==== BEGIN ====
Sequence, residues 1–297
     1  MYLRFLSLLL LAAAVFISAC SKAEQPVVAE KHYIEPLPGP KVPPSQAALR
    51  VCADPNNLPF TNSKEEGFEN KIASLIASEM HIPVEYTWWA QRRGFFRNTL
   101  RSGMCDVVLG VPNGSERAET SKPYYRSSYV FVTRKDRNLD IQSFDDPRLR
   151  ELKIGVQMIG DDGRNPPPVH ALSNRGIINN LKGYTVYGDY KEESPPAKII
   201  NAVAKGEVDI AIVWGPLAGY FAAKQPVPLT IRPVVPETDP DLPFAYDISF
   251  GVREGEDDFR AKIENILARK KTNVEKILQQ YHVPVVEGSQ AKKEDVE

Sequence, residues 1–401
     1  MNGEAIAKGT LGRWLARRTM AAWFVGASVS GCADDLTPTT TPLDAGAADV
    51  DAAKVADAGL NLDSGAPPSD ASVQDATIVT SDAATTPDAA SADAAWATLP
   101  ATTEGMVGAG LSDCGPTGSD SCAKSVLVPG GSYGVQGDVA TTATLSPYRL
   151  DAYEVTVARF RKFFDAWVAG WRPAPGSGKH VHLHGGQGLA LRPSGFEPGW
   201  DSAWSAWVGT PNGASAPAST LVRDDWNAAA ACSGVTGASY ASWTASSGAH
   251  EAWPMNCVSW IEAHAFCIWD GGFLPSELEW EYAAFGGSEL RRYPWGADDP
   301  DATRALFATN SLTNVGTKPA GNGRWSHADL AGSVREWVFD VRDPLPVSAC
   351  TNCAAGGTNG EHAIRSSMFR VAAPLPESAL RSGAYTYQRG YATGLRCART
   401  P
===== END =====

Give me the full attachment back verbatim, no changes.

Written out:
Sequence, residues 1–297
     1  MYLRFLSLLL LAAAVFISAC SKAEQPVVAE KHYIEPLPGP KVPPSQAALR
    51  VCADPNNLPF TNSKEEGFEN KIASLIASEM HIPVEYTWWA QRRGFFRNTL
   101  RSGMCDVVLG VPNGSERAET SKPYYRSSYV FVTRKDRNLD IQSFDDPRLR
   151  ELKIGVQMIG DDGRNPPPVH ALSNRGIINN LKGYTVYGDY KEESPPAKII
   201  NAVAKGEVDI AIVWGPLAGY FAAKQPVPLT IRPVVPETDP DLPFAYDISF
   251  GVREGEDDFR AKIENILARK KTNVEKILQQ YHVPVVEGSQ AKKEDVE

Sequence, residues 1–401
     1  MNGEAIAKGT LGRWLARRTM AAWFVGASVS GCADDLTPTT TPLDAGAADV
    51  DAAKVADAGL NLDSGAPPSD ASVQDATIVT SDAATTPDAA SADAAWATLP
   101  ATTEGMVGAG LSDCGPTGSD SCAKSVLVPG GSYGVQGDVA TTATLSPYRL
   151  DAYEVTVARF RKFFDAWVAG WRPAPGSGKH VHLHGGQGLA LRPSGFEPGW
   201  DSAWSAWVGT PNGASAPAST LVRDDWNAAA ACSGVTGASY ASWTASSGAH
   251  EAWPMNCVSW IEAHAFCIWD GGFLPSELEW EYAAFGGSEL RRYPWGADDP
   301  DATRALFATN SLTNVGTKPA GNGRWSHADL AGSVREWVFD VRDPLPVSAC
   351  TNCAAGGTNG EHAIRSSMFR VAAPLPESAL RSGAYTYQRG YATGLRCART
   401  P